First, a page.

My sister has worked for a municipal government in the Greater Toronto Area for over 20 years. During that time, she has developed a serious citrus allergy. This allergy causes a severe allergic reaction known as anaphylaxis. For my sister, the allergy is life threatening and requires immediate medical treatment.
Because allergies and scent sensitivities are considered a disability under the Ontario Human Rights Code, employers have a duty to accommodate my sister, short of undue hardship.
My sister provided her employer with the necessary medical documentation so that they would understand the seriousness of her allergy and be able to accommodate her. In response, her employer notified others on her floor about the allergy and asked them not to bring anything into the building containing citrus.
In the same building where my sister works, there is an employee with an allergy to bananas. To accommodate this employee, signs are posted throughout the building reminding employees and visitors alike not to bring bananas into the building. This is typically the minimum that an employer would do to protect employees with scent sensitivities or allergies.
So, while the employer posted signs on each floor reminding people not to bring bananas into the building, the organization would not post signs reminding people not to bring citrus to work—not even signs on the floor where my sister works.
Much of my work involves conducting Equity Audits. That is, I review employment policies and practices through an equity lens and make recommendations for change. One component of an Equity Audit is a review of an organization’s hiring and selection policies and practices. The goal is to remove barriers to the hiring of candidates from diverse backgrounds, communities, and identities so that they can be fairly assessed based on their job-related skills and abilities. The term used in human resources circles is “bias-free hiring.”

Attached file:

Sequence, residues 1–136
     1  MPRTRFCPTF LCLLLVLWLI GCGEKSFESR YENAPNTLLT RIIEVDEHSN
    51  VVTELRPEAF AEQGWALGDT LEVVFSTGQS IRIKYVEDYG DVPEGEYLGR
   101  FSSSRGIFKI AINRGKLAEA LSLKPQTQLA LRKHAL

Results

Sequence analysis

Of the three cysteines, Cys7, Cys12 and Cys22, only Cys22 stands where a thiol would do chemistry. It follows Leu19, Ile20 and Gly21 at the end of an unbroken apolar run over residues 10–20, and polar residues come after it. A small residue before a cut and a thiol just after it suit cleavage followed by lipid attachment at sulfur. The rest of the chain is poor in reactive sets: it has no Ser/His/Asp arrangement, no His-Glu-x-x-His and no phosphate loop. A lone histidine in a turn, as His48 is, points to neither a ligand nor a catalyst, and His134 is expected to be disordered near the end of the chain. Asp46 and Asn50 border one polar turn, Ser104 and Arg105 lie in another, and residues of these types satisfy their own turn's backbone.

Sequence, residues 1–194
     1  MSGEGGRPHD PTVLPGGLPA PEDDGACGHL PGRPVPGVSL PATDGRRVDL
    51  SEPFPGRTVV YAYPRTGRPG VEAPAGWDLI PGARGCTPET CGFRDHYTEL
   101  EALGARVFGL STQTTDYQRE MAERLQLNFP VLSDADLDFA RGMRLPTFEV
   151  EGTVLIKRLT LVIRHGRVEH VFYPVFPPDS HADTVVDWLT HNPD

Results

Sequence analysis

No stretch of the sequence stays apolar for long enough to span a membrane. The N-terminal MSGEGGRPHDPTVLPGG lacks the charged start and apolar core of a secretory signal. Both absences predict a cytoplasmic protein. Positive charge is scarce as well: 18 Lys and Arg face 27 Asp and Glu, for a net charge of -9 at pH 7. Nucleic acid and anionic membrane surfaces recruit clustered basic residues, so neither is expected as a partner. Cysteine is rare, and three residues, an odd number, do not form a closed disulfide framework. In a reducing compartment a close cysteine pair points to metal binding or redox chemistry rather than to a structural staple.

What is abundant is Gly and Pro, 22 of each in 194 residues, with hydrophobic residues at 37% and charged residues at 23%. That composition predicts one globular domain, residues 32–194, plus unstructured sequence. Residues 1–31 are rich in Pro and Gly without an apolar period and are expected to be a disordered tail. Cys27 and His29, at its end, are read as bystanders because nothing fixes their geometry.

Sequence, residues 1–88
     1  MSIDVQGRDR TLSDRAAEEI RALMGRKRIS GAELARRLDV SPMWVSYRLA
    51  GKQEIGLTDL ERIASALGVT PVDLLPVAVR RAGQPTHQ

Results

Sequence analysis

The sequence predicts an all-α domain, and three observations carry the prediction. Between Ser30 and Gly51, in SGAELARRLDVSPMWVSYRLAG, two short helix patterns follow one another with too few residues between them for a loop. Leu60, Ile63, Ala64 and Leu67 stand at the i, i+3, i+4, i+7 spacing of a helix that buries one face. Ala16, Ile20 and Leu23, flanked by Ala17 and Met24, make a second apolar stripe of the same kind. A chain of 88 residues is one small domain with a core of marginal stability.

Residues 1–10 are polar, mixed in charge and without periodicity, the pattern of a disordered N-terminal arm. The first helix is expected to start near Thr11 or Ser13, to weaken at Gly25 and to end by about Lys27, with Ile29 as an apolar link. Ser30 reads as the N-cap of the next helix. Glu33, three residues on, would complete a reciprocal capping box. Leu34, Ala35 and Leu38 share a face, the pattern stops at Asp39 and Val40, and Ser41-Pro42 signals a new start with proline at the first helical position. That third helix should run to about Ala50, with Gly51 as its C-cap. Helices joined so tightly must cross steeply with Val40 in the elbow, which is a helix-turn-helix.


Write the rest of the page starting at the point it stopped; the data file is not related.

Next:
The killing of George Floyd and the Black Lives Matter movement have sparked protests around the world and made the term “systemic racism” go mainstream. From reporters at major news outlets to the leaders of large corporations and non-profits, everyone is making proclamations against system racism and vowing to eradicate it.
Yet, while many in high-profile positions claim to know what systemic racism is, they fail to understand that the solutions, too, must be systemic. Being nicer to each other does not change the policies and practices that keep Black people from being hired. Hiring more racialized police officers does not change policing practices that target Black and Indigenous people. Being more inclusive at the leadership table also won’t automatically change policies that fail to test for COVID-19 in the hardest-hit parts of the city.